ClarinetMike’s All-State Preparation Tips: Ligature and Reed Placement

[Below is a slightly revised version of a previous blog post.]

I’m currently reading Pat Williams’ recent book, Coach Wooden’s Greatest Secret: The Power of  Little Things Done Well. The point of the book is that small stuff has a dramatic effect on the success of any given endeavor. Or, as Coach John Wooden used to say, “Little Things Make Big Things Happen.” A great example of this is the placement of the clarinet (saxophone, too!) ligature and reed.

Ligature and Reed Placement 

"Little Things Make Big Things Happen."

“Little Things Make Big Things Happen.”

Clarinet (and saxophone) sound is all about reed vibration. The more and better the reed vibrates, the better the sound. (In fact, embouchure’s purpose is to create a great place for the reed to vibrate – see my 5C Embouchure.)

The placement of the ligature and the positioning of the reed are profoundly important to reed vibration. These are often overlooked by teachers, band directors, students, and even some professionals. Below is what works well for me and my students.*

Ligature. Put the ligature close to the window of the mouthpiece by clamping the reed at the top of the stock just below the cut in the bark below the shoulders. (Illustration of reed parts.) Also, depending on the style of ligature, be sure to put the ligature on the reed squarely with equal clamping on both sides of reed.

Reed. The reed should be almost to the tip of the mouthpiece with only the very smallest line of mouthpiece black visible above the reed.  Also, line up the reed on the mouthpiece so that the tip and side rails (edges) of the reed are squarely on the tip rail and side rails of the mouthpiece. (Illustration of mouthpiece parts.)

Additionally, if a reed is a little soft, it can be “cheated,” i.e. moved up on the mouthpiece just a little. This makes the reed a little stronger; however, it is only a “quick fix” and should not be routinely done. Conversely, if a reed is hard, it can be moved down a little – but I don’t do this much.

*NOTE:  Obviously, there’s a wide variety of possible mouthpiece, ligature and reed combinations – not to mention the personal tastes of a given musician.  Therefore, experimentation with ligatures and reeds is encouraged. The BIG ISSUE is to make sure you, your students, etc. actually consider reed and ligature placement and not just “slap ‘em on” haphazardly.

ClarinetMike says, “Take just a little extra time to carefully put on your ligature and reed. You will love the results!”

About ClarinetMike

American clarinetist MICHAEL DEAN performs and teaches internationally and across the USA to consistent praise such as "world-class clarinetist and pedagogue," "consummate performer," "inspirational," "outstanding teacher," "super," "brilliant performer," and "one of the best clinicians I have ever seen." His career is headlined by appearances at Carnegie Hall, ClarinetFest, NACWPI, Eastman School of Music, and Royal Northern College of Music with recent recitals and master classes in Italy, Spain, Kansas, Iowa, Missouri, Louisiana, and Texas. In July, he will return to Vipiteno, Italy as Clarinet Artist Faculty in Residence at Orfeo Music Festival 2017. He is featured on 5 commercial CD's and on New Media, such as YouTube. He is currently preparing another new clarinet CD, Postcards from Silver Lake. He's performed with the Southwest Symphony, Nevada Symphony, Abilene Philharmonic, Southeast Chamber Players, Red Mesa Trio, and Duo 35. He performed for 11 years with the Paducah Symphony. His articles appear in journals such as Southwestern Musician, WINDPLAYER, NACWPI Journal and The Bandmasters' Review. As "ClarinetMike," he writes for his widely-read ClarinetMike Blog, clarinetmike.wordpress.com-viewed in 150 countries on 6 continents. He was recently a tenured Associate Professor of Clarinet for 11 years at Southeast Missouri State University. He returned to his native Texas in 2012 due to family concerns. He is a past president and former National Board officer of the National Association of College Wind and Percussion Instructors (NACWPI). Dr. Michael Dean studied clarinet performance at Texas Tech University, University of Colorado at Boulder, University of Texas at Austin and University of Texas at Arlington. His teachers include Robert Walzel, Phil Aaholm, Carol Jessup, Jess Youngblood, Bob Ackerman, and Pam Youngblood. His web page, clarinetmike.com, features video of his teaching and performing as well as information on his CD's and other publications. He is a BG France Performing Artist.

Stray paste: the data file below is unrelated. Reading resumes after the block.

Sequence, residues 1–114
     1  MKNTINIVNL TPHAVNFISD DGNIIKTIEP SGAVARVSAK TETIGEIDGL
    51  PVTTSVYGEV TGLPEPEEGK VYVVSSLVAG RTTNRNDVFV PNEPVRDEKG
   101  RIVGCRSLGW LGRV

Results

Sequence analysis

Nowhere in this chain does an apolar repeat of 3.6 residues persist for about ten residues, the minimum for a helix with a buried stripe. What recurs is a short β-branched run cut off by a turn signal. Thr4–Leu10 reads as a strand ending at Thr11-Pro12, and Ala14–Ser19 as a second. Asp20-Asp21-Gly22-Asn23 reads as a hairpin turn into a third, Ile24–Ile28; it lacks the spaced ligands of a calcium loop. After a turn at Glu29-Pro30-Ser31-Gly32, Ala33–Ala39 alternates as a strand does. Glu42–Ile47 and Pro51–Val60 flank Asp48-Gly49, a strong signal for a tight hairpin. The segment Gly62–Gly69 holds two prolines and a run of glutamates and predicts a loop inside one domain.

This entry was posted in All, All-State, Performance & Pedagogy and tagged , , , , , , , , , , , . Bookmark the permalink.

4 Responses to ClarinetMike’s All-State Preparation Tips: Ligature and Reed Placement

  1. Good advice to which I would add only this: Mouthpieces are not necessarily perfectly balanced, especially as they age. Uneven wear or even warping can occur. Though slight, these changes prevent a balanced reed set dead center to play properly. Often setting the tip slightly off center, and/or the heel slightly off center, will cause the reed to play much better. With a little experimenting, you will find the “sweet spot” for your mouthpiece, and also for each reed that is not exactly balanced.

  2. Pingback: ClarinetMike’s Music Preparation Kit | ClarinetMike Blog

  3. Pingback: ClarinetMike’s Clarinet Teacher Tips: Ligature and Reed Placement | ClarinetMike Blog

Leave a Reply

Fill in your details below or click an icon to log in:

WordPress.com Logo

You are commenting using your WordPress.com account. Log Out / Change )

Twitter picture

You are commenting using your Twitter account. Log Out / Change )

Facebook photo

You are commenting using your Facebook account. Log Out / Change )

Google+ photo

You are commenting using your Google+ account. Log Out / Change )

Connecting to %s